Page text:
Call your veterinary clinic with any questions about your animal’s health. In order to ensure the veterinary clinic is prepared for the household animal, the owner should call ahead and arrange the hospital or clinic visit. Make sure to tell your veterinarian if your animal was exposed a person sick with COVID-19, and if your animal is showing any signs of illness. Veterinarians who believe an animal should be tested will contact state animal health officials, who will work with public and animal health authorities to decide whether samples should be collected and tested.

community while walking the dog. Even people who don’t feel sick or show symptoms can spread the virus.

Are veterinarians and pet supply stores open for business?

Essential veterinary care, pet food retail, and animal shelter operations are all deemed essential services in New York State, and are therefore exempt from the “PAUSE” Executive Order. For more information on exempt animal operations, visit and search for Interim Guidance for Animal Care Operations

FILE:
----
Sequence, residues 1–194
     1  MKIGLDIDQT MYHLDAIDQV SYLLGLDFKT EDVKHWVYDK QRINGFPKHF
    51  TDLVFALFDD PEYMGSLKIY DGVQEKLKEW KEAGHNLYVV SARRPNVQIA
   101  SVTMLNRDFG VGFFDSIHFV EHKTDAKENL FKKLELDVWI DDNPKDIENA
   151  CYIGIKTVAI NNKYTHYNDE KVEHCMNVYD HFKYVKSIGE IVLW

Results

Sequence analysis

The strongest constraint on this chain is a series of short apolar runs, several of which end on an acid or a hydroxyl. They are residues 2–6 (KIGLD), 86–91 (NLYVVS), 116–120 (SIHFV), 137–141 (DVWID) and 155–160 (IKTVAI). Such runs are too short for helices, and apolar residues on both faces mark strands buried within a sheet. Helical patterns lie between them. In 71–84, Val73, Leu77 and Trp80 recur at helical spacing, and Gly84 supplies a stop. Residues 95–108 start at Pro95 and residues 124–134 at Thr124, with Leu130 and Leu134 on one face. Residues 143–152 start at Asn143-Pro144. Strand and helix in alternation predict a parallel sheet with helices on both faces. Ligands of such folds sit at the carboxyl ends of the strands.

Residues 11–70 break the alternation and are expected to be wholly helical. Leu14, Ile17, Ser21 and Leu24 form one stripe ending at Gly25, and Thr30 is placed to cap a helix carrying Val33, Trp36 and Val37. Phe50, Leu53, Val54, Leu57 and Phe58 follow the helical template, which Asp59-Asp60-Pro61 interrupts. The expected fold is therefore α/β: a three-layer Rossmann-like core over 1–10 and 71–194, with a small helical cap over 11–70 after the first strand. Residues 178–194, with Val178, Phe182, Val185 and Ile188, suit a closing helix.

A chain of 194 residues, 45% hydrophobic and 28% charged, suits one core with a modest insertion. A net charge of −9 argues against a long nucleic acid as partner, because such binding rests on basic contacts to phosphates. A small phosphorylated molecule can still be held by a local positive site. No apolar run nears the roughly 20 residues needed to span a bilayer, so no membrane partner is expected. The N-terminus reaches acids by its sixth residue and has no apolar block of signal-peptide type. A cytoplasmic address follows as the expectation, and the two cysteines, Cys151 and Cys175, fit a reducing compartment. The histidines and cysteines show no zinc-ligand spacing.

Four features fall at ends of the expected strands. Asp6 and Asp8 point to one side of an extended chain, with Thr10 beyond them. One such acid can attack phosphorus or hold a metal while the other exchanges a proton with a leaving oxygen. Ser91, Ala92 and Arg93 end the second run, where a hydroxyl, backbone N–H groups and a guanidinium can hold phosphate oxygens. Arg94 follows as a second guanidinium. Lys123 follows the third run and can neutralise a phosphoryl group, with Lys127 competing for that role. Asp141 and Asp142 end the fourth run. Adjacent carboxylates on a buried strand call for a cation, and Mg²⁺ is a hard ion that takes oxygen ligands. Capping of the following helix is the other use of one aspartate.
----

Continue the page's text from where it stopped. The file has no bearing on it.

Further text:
How can I best practice social (physical) distancing with a pet?

When walking your dog, keep at least 6 feet between you and others. Also remember that in NYC it is the law that your dog must be on a leash no longer than 6 feet. Once home, practice good hand hygiene and wash your hands with soap and water. Follow the general Health Department guidelines on wearing a face covering when you are out in the community while walking the dog. Even people who don’t feel sick or show symptoms can spread the virus.

Can I still adopt or foster an animal from an animal shelter?

Yes. There is no evidence that any companion animals, including shelter animals, are a potential source of COVID-19. Many animal shelters and rescues continue to look for foster care and adoption applicants. For more information about Animal Care Centers of NYC’s updated operations and adoption/fostering policies, visit

I am experiencing financial hardship and am having trouble caring for my pet. Are there low cost or free pet-care resources available?
For emergency veterinary care:

  • Animal Medical Center is a 24/7 veterinary hospital that provides financial assistance through its Community Funds. Funding may be limited at this time. To learn if you qualify and to submit an application, visit
  • Visit to learn more about their grants and to for emergency veterinary care.

For general information on COVID-19, including how to guard against stigma, visit or For real-time updates, text “COVID” to 692-692. Message and data rates may apply.